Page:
If you play poker, it is almost a given that someone has asked you this question. It is also a good bet that the person asking the question was not a poker player.
Thanks to the poker boom on television, the non-poker population has mostly changed their opinion of poker players. Poker players have shed their unsavory character skins and come into the light as competitors much like other sports figures. This persona usually applies to tournament players however, since it is this arena that Joe Public is familiar with, again thanks to televised major poker tournaments.
But what if you are known by your family and friends as a poker player but you don’t play tournaments? It may be easy for them to see why anyone would want to play in a tournament and try to win a lottery size payday. Making them understand why you play 1/2 Limit Stud on PokerStars every night though may prove a challenge.
Why We Play Poker?
Have you ever asked yourself this question? If not, maybe you should. Recognizing the basic reason why you play poker may help your game improve and turn losses into wins. Once you understand why you play, then you should direct your game level accordingly. Knowing the type of player you are should govern what limits and games you are playing. If you play to relax and have fun with the $100 a month you set aside for your poker recreation, you logically shouldn’t be in a 2/4 Hold’em game.
Why we play poker is a simple question with a myriad of very complex answers. The answers are as individual as the players themselves, although many players share at least some of the same reasons. On the one side of the spectrum we have the problem gambler, the action junkie who just must gamble. On the extreme other end is the professional player, who has made poker their career and plays for the money. While both groups have plenty of members, most of us hold a position somewhere in between.
Many poker players grew up in a household where card games were the norm. Whether it was Old Maid, Go-Fish or poker, most of us were exposed to some form of card game at an early age. If a formal academic study was to be done on poker players’ childhoods, I would bet a huge percentage of current players were raised in “card playing” households.
Growing up, the game in our house was poker. Dad threw the old, gray wool, Navy blanket on the kitchen table and set out the cards and plastic chips in the revolving chip rack. Mom set out snacks, ashtrays, and iced the beer. As soon as the other two couples arrived, the game was on until the wee hours. The games played were always Dealers Choice, opening the door for such variations as Spit-in-the-Ocean, High Spade in the Hole, and Dr. Pepper. It was on these smoke filled Friday nights that my love affair with poker started, when I would sit on Dad’s lap and bet, raise, or fold when he told me to.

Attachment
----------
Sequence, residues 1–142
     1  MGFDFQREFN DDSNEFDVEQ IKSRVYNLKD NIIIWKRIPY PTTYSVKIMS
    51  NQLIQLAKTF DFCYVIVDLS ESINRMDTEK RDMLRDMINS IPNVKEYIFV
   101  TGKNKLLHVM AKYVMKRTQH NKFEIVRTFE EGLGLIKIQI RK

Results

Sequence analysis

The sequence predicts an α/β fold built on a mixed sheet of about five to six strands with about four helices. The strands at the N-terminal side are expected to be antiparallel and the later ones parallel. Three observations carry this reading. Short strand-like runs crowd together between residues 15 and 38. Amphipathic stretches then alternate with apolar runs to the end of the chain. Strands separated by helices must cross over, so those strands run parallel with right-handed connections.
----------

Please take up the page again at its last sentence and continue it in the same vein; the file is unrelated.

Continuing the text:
Later in life I found myself job hunting and ended up in the box, dealing poker six nights a week for two different clubs. The view from the dealer's chair taught me the game and it wasn’t long before I was spending most of my time either dealing or playing. Since I was single, there was nothing to be home for anyway and poker was just too much fun!
Early on in my poker life I never wondered why I was playing but since then I think I have figured it out. For me, it is foremost the competition and the personal challenge. Having never been a very athletic person, poker was something I could easily compete in. The fact I could compete against the men on an even, green playing field made it even better.
Then there was the money; I discovered I really loved to win. Winning gave me a feeling of accomplishment, just like if I had ran a marathon and come in first, with much less physical effort! Winning also enabled me to buy that new stereo, TV, and furniture I longed for.
Another thing poker provided me with was my primary social outlet. Not being one to go bar hopping, poker gave me a comfortable, safe environment in which to hang out with people I knew and have fun.
Then later in my life I moved to areas where live poker was not available, until the greatest thing happened – online poker! I still play for all the same reasons, but now I don’t have to wait for a game to start, get dressed or drive anywhere and hope there is a game. All I have to do is log-in and start playing, anytime day or night. For a poker player this opportunity is nothing short of nirvana!
The venues and games may have changed but the basic reasons why I play poker remains the same - I just love the game.
Grab a Chair…..see you there!